Thursday, 14 March 2013

A Word on the Cover

The cover of Meeting the Masters depicts Beachy Head near Eastbourne on the Sussex coast, a place I know well as it was where Michael and I were living when he died. I would regularly walk along the downs between the village of Meads and Beachy Head, drawn by the atmosphere of the place which was peaceful despite the cliff’s slightly sinister reputation. The springy grasslands and flinty chalk spoke to me of ancient England while the view of the sea from high up on the downs had something almost prehistoric about it. I would look across the waters, occasionally blue but more often grey, and feel connected to a time long before history. But that’s not the reason for choosing this picture as the cover for the book.

Sometimes it’s best not to try to interpret a symbol but just let it speak to the intuition without undue analysis. That way it feeds the imagination rather than the mind which gives it greater meaning. However on this occasion I want to say a few words about why I consider this to be such a suitable cover for the book. It’s not just because it’s a pretty picture nor is it because of the personal relevance, though both of these factors did contribute to the choice of image. Symbolically it’s a very suitable description of what’s inside the book. This book you can judge by the cover.

One of the themes of the book is that there are three basic levels to reality, the physical, the psychic and the spiritual, and wisdom arises when we perceive this and can correctly discern between them. These three levels are shown here by the land, sea and sky, otherwise earth, water and air. When we come to the limits of the physical world we find a new world, a world where thought can take exterior form and form itself is malleable to the mind, but that is not the spiritual world though it may initially seem so to the unwary. The psychic plane, like the sea, teems with life of all descriptions. There is beauty and mystery. There are warm waters to bathe in and depths to explore but there are also sharks and even monsters. Like the sea, the psychic world is constantly moving, changing, reflecting images from above that disappear when you touch them, and, as with the sea, you have to learn to swim.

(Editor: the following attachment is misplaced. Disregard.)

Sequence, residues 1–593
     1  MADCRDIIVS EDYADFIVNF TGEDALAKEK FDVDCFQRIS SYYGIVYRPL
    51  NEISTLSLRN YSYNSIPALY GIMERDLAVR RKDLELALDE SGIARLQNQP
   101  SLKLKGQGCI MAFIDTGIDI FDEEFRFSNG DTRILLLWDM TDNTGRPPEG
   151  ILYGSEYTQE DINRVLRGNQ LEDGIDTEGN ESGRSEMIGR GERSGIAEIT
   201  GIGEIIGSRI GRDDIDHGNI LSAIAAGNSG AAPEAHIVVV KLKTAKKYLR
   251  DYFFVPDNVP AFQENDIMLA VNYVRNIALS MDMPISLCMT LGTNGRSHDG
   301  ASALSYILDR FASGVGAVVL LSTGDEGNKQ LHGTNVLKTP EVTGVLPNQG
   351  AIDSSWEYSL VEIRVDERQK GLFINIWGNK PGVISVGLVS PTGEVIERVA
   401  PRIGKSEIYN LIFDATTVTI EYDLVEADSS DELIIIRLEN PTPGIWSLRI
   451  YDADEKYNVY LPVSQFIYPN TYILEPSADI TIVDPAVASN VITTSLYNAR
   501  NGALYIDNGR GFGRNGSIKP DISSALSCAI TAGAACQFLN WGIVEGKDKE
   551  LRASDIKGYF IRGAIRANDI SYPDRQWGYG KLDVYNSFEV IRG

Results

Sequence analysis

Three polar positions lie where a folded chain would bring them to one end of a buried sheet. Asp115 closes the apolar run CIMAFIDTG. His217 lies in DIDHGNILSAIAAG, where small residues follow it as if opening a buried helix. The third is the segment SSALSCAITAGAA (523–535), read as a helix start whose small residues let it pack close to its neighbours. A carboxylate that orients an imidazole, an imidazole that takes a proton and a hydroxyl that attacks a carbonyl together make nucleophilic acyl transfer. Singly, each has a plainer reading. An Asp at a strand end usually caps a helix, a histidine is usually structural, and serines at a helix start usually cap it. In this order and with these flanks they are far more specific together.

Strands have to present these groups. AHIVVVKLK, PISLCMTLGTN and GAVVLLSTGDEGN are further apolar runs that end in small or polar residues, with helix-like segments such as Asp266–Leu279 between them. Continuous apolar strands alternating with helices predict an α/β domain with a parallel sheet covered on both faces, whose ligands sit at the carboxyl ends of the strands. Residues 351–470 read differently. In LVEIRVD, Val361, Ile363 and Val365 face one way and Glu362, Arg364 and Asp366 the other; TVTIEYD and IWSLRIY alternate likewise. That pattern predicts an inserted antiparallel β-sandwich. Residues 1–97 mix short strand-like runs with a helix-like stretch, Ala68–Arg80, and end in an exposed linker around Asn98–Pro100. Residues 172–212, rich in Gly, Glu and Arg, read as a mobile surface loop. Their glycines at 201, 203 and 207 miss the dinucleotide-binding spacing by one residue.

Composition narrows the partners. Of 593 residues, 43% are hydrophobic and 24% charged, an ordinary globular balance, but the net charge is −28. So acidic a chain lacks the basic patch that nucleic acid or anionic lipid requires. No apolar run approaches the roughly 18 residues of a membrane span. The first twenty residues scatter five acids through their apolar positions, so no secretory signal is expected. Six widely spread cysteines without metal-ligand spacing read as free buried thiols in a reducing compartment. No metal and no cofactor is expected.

To find a more stable truth we need to go beyond the sea to the sky, beyond the psychic to the spiritual, but that requires an immense change in our behaviour. It’s relatively easy to go from land to sea and most of us can swim to some degree at least. It’s not so easy to get up into the sky, and even when we do learn to spread our wings and fly we still have to penetrate the clouds, clouds of illusion, clouds of darkness which can only be dispelled by the heat of the sun, that is to say by the divine fire.

So there are these three worlds of existence that are shown on the cover. There is also a lighthouse which it is not hard to see stands for guidance and illumination. It is a little bit of the sun come down to Earth. Normally a lighthouse warns ships to beware of rocks but this lighthouse, which we are seeing from the land rather than the sea, is fulfilling a different function. It is pointing up out of the sea into the sky and lighting the way clear to heaven. It is the beacon of the Masters that is there to provide bright, clear, absolutely reliable guidance.

The one thing you can't see in the picture is the sun, though without it you wouldn't be able to see anything. That also has a meaning.


Paul Hillman said...

Beautifully symbolic. My mind had , after the briefest of looks associated it with isolation. It follows through from your statement that you prefer natural symbols.if I am honest I had also associated the lighthouse with The Hermit , number 9, the completion of the first steps, where the Hermit or Master guides us with his lamp to the top of the mountain. Your completion of the picture in words says much more. thank you.

William Wildblood said...

That’s the wonderful thing about a symbol. It can have so many meanings and levels of meaning and none of them are necessarily truer than the others. I don’t mean anything goes but a symbol has breadth as well as depth. Your suggestion of The Hermit, which was always one of my favourite Tarot cards, is very appropriate. And isolation too. Spirituality needs isolation in order to grow. Sometimes outer but more importantly inner. Group spirituality is good at a certain level when we need the support of others to encourage and inspire but there inevitably comes a point when we must proceed alone if we are really to get anywhere.